6 Medium Sized Baking Apples, 2 cups of flour, 2 1/2 tsps. baking powder, 1/2 tsp. salt, 2/3 cup shortening,  1/2 cup milk.

Sauce:  2 cups brown sugar, 2 cups water, 1/4 cup butter, 1/4 tsp. cinnamon or nutmeg

Pare and core apples.  Leave whole. To make pastry sift flour, baking powder and salt together. Cut in shortening until particles are the size of small peas. Sprinkle milk over mixture and press together lightly, working dough only enough to hold together. Roll dough as for pastry and cut into six squares and place an apple on each. Fill cavity in apple with sugar and cinnamon. Pat dough around apple to cover completely. Fasten edges together securely on top of apple.  Place dumplings 1 inch apart in a greased baking pan.

Pour the sauce over them made as follows:  Combine brown sugar, water and spices in stove top pan.  Cook for five minutes.  Remove from heat and add butter.

Bake at 350 for 35 to 40 minutes. Baste occasionally during baking. Serve hot with rich milk or cream.  Savor.

Homemade Yogurt


Contributed by Barbara Monajem~

Ingredients: 1 quart/liter of milk and one-fourth cup/250 ml. plain yogurt

Quantities in this recipe are approximate. What works depends largely on the potency of the yogurt you use, and you’ll only know that by trying it out. I used Chobani Greek Yogurt, but many brands will do as long as they contain active cultures–the one I used has five different kinds of yogurt bacteria–and NO THICKENERS such as starch, gelatin, pectin, guar gum, etc. etc. If there are enough yogurt bacteria doing their job, the yogurt will be reasonably thick on its own. If they’ve used a thickener, chances are there aren’t enough bacteria in there.

Scald the milk –- i.e. heat it up, but take it off the stove just before it climbs the sides of the pan and makes a huge mess.

Pour the milk into a glass or ceramic container with a lid. (Don’t put the lid on yet – that’s for later.) Cool the milk to around 110-115 degrees F. It helps to use a thermometer the first few times until you can tell the approximate temperature by dipping your finger in. My little finger works best, perhaps because it’s less desensitized than the others.

Stir the yogurt into the milk. Cover with the lid, wrap in a blanket (two layers is good), and put it somewhere warm. All I mean by warm is somewhere not cold. In my house at this time of year, anyplace will do because I don’t have good A/C. In the winter, I’d put it somewhere sheltered in the warmest room of the house.

Open it 24 hours later, and you should have yogurt. If you don’t, or if the yogurt is too liquid… hmm. You might want to try adding more yogurt next time, or try a different brand, or keep the container in a warmer place. Once you’ve unwrapped the yogurt, store it in the fridge.

Next time, use some of your homemade yogurt as a starter. It should work fine, but again, results vary. Over the course of time, your batches may become stronger and more sour, and even develop quite a bite, so if that doesn’t appeal to you, you can always start over with a milder yogurt from the store.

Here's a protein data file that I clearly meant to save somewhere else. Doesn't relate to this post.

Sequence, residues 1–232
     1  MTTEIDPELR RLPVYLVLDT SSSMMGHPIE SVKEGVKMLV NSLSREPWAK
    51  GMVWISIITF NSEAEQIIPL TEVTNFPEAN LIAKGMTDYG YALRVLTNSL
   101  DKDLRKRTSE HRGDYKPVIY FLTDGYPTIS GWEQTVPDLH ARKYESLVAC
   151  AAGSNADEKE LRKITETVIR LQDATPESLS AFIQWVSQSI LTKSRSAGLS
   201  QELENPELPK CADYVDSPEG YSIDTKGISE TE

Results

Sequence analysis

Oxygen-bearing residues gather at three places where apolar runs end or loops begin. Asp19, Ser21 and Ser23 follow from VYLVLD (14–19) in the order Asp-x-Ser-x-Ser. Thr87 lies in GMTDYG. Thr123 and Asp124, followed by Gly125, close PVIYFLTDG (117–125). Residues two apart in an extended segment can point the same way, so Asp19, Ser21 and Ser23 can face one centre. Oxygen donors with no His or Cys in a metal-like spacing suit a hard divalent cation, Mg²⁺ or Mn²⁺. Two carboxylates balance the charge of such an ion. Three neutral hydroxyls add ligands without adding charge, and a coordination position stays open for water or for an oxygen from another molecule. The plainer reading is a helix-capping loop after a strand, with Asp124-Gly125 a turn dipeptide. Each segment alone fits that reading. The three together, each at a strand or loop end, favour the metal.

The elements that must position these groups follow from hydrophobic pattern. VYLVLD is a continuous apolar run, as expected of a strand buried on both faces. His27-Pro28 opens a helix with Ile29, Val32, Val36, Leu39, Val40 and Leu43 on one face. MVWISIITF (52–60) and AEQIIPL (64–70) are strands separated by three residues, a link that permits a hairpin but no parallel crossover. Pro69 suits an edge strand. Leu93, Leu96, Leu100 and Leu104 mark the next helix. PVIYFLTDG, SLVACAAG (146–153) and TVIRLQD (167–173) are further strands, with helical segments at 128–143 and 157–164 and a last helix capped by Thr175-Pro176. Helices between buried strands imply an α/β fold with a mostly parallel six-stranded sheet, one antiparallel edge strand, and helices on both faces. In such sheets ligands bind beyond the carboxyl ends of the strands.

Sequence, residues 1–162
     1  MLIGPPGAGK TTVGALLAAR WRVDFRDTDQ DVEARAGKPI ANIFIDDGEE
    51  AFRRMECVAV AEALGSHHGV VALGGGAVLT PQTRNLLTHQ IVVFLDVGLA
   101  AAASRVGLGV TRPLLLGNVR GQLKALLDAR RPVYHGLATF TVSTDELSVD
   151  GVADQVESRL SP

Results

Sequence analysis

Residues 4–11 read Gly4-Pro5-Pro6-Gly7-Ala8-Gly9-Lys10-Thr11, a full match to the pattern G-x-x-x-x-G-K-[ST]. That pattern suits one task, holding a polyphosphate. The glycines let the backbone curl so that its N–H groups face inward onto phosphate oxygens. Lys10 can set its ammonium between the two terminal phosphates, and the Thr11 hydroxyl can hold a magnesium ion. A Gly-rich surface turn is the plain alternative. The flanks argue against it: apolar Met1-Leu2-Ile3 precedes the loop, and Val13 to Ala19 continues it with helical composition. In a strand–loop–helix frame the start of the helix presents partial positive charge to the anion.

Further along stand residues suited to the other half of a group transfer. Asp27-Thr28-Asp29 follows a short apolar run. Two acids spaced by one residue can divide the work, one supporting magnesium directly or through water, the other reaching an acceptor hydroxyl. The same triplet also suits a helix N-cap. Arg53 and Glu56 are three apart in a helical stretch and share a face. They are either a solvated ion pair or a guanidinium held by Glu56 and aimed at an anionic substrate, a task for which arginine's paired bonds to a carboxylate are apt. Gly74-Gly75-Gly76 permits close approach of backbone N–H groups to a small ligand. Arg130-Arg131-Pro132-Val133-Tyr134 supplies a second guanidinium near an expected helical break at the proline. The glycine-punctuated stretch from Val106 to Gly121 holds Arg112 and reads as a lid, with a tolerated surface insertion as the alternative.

Kitten Rescue


My youngest daughter, Elise, and I found a bedraggled black kitten in a murky corner of the old red barn huddled beside an ancient water trough. Hay was stuck to its fur and its head slick in places from a calf’s sympathetic tongue. We carried the mewing puff ball down to the house and gave it a bath. Being mostly fur, it shrank considerably in the water and nearly disappeared.

After drying this soggy specimen of catdom, we bundled it up in an old towel and fed it the formula concocted by a local vet for orphan kittens: one cup whole milk, one teaspoon of vegetable oil, one egg yolk, whisk well and warm. Sometimes I use a tiny bottle, but this baby is old enough to lap and downed the lot I had poured into a shallow lid. We filled a canning jar with hot water, screwed the lid on tightly and tucked our swaddled charge beside the improvised water bottle back in the small closet in the laundry room.

Assorted farm coats, jeans and shirts hang on hooks up above and brush our heads as we kneel to peer into this den-like place. There’s nothing dogs like better for a bed than a worn coat with that barn smell still clinging to it, cozily tucked back into this closet. Cats prefer sunbeams but will make do. I’ve spent many hours on my knees helping to birth puppies, fuss over their care and tend kittens. Countless kittens and puppies, tiny terriers that could fit in a shoe box, medium size dogs and dogs that have grown too big but are still attached, have called this comforting space home. The narrow walls are gnawed and deeply grooved from the many inhabitants over the years. Every household should have such a place.

Fortunately our rescue dog, Mia, also likes her bed in the dining room because she cannot be trusted to kitten-sit. The formula rapidly dwindles. Not only that, she’s afraid of kittens. Silly, silly Mia. The kitten does not yet have a name because if you name a creature that implies that it’s staying, which this one very well may be. Sometimes you just need a kitten.

Oddly, it would seem that Mia always wanted a kitten of her own after all. She follows the minute puff ball around the kitchen and hovers over it with a worried look. Actually, Mia generally looks worried. I suppose from earlier traumas before we took her in. She has never had a small furry friend though and even tries to play with the kitten as it bounds around the kitchen in great excitement over everything and anything.

My mother made the observation that kittens and other babies can utterly give themselves to play in a way that the rest of us can’t because we’ve had the play smacked out of us by life. Now and then, I think we should all play as unreservedly as possible.

Photograph of a rescue kitten and baby barnyard goose by my mother, Pat Churchman